How James Brown Made Black Pride a Hit ~ NYT

It’s been 50 years since he wrote “Say It Loud, I’m Black and I’m Proud,” a song that is still necessary.

By Randall Kennedy  

Mr. Kennedy is a law professor at Harvard.


James Brown in 1968 at Madison Square Garden. Credit Walter Iooss Jr./Getty Images

In the gym at Paul Junior High School in Washington, D.C., in the spring of 1968, not that long before the assassination of the Rev. Dr. Martin Luther King Jr., I asked a buddy whether he was interested in a certain girl. He told me that he was not because she was too dark.

He and I were African-American. (Then we would have called ourselves Negro.) So was she. All of us supported the Civil Rights Movement and idolized Dr. King, yet I did not hold my friend’s color-struck judgment against him. And he did not state his opinion with embarrassment. We had both internalized our society’s derogation of blackness.

Indeed, we luxuriated in the denigration, spending hours trading silly, recycled but revealing insults: “Yo mama so black, she blend in with the chalkboard.” “Yeah, well, yo mama so black, she sweats chocolate.”

It was precisely because of widespread colorism that James Brown’s anthem “Say It Loud, I’m Black and I’m Proud” posed a challenge, felt so exhilarating, and resonated so powerfully.

It still does. Much has changed over the past half century. But, alas, the need to defend blackness against derision continues.

The song, written with Mr. Brown’s bandleader, Alfred Ellis, was released in August 1968, five months after the assassination of Dr. King. It shot to the top of the Billboard magazine rhythm and blues singles chart, where it remained for six weeks. I still remember the thrill of singing along with Soul Brother Number One that first summer. I have done so hundreds of times since.

Various musicians in the 1960s tapped into yearnings for black assertiveness, autonomy and solidarity. Curtis Mayfield and the Impressions sang “We’re a Winner.” Sly and the Family Stone offered “Stand.” Sam Cooke (and Aretha Franklin and Otis Redding) performed “A Change is Gonna Come.” But no entertainer equaled Brown’s vocalization of African-Americans’ newly triumphal sense of self-acceptance.

That Brown created the song most popularly associated with the Black is Beautiful movement is ironic. He generally stayed away from protest, endorsed the presidential re-election of Richard Nixon, lavishly praised Ronald Reagan, and consistently lauded Strom Thurmond.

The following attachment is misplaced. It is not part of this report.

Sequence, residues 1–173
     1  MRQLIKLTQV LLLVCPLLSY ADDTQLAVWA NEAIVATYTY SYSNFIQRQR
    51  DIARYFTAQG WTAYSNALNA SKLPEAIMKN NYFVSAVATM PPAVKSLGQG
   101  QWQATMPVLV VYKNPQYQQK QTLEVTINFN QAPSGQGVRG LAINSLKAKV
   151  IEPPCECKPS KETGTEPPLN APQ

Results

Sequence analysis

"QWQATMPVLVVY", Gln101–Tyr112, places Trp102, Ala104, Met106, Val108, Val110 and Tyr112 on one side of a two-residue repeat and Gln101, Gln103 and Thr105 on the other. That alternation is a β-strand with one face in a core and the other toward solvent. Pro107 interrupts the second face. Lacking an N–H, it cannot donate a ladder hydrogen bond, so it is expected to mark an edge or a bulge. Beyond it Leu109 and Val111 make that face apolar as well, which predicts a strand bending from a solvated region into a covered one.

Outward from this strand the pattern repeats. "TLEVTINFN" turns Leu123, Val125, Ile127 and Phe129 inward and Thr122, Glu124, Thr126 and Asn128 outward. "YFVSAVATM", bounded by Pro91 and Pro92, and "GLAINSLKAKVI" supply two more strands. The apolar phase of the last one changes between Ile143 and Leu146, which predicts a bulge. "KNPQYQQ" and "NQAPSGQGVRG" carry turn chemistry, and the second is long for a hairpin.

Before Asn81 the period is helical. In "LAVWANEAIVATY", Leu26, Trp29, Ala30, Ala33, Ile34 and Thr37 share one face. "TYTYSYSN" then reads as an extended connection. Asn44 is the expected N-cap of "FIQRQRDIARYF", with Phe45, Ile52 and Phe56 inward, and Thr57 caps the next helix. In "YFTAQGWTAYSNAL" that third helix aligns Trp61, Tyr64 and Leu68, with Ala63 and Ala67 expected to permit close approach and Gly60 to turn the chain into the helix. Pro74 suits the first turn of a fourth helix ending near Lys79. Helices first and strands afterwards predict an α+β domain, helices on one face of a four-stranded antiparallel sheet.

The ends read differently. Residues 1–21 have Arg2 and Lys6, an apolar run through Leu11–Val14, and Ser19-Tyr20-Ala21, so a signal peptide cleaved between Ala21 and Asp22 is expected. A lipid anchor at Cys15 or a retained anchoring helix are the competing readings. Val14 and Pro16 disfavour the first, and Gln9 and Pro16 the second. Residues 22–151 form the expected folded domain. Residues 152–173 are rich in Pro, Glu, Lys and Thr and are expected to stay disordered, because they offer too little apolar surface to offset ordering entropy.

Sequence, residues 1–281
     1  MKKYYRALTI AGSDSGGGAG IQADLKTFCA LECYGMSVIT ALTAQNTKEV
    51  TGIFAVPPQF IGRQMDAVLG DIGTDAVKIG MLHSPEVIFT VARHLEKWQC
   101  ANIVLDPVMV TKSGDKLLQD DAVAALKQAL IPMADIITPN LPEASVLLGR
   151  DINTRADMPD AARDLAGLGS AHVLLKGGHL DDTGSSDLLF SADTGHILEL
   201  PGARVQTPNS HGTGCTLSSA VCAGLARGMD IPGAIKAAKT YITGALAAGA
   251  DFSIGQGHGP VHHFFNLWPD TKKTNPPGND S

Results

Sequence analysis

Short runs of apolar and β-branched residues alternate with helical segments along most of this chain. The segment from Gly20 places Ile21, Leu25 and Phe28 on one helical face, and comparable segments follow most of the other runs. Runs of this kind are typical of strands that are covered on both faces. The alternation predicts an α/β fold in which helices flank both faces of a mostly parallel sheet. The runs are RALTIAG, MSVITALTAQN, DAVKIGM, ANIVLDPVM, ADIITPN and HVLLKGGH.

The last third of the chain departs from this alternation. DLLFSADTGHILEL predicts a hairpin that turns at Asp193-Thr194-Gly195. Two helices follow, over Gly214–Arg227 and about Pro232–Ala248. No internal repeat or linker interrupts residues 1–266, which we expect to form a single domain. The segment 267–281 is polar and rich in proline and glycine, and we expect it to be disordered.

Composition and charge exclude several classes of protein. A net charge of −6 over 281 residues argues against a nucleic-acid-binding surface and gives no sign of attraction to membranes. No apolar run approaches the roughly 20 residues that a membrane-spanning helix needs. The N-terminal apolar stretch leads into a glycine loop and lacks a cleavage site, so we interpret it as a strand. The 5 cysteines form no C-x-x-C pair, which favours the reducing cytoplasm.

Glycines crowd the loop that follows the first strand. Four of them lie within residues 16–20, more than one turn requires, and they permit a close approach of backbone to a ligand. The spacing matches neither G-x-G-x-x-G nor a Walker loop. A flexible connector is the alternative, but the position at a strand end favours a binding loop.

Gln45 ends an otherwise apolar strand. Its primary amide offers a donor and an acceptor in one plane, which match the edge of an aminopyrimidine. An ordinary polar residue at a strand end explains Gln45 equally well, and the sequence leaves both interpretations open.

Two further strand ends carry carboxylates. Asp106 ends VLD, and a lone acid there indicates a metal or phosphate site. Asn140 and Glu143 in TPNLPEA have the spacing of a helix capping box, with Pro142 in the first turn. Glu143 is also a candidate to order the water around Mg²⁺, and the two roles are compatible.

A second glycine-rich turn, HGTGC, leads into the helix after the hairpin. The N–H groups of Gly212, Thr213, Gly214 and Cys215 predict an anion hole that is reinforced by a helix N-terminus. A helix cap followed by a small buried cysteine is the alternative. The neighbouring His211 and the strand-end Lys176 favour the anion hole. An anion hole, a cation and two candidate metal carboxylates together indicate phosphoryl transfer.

His infrequent sallies into politics usually sounded in patriotic, lift-yourself-up-ism. In the song “America is My Home,” he proclaimed without embarrassment that the United States “is still the best country / And that’s without a doubt.” Alluding to his own trajectory, he challenged dissenters to name any other country in which a person could start out as a poor shoeshine boy but end up as a wealthy celebrity shaking hands with the president.

James Brown combs his hair backstage before performing for American troops during the Vietnam War. Credit Simonpietri/Sygma, via Getty Images


At the very time that in “Say It Loud,” Brown seemed to be affirming Negritude, he also sported a “conk” — a distinctive hairdo that involved chemically removing kinkiness on the way to creating a bouffant of straightened hair. Many African-American political activists, especially those with a black nationalist orientation, decried the conk as an illustration of racial self-hatred. For a brief period, Brown abandoned the conk and adopted an Afro, but that was only temporary. The conk was part of the characteristic look of “The Godfather of Soul.”

Other than the refrain — “I’m black and I’m proud” — the lyrics of “Say It Loud” are wholly forgettable. They bear little of the artistry that graces the lyrics of “Lift Every Voice and Sing” (written by James Weldon Johnson as a poem in 1900) or “What Did I Do To Be So Black and Blue?” (written by Harry Brooks and Andy Razaf in 1929). Written in a year in which more than 100 black people were lynched, the words of “Lift Every Voice” are a magnificent exhortation championing dignity, bravery and resilience. “What Did I Do …?” is an ironic protest that also highlights the self-loathing that victims of abuse all too often assist in inflicting upon themselves:

How would it end? Ain’t got a friend

My only sin is in my skin

What did I do to be so black and blue?


~~~  CONTINUE  ~~~

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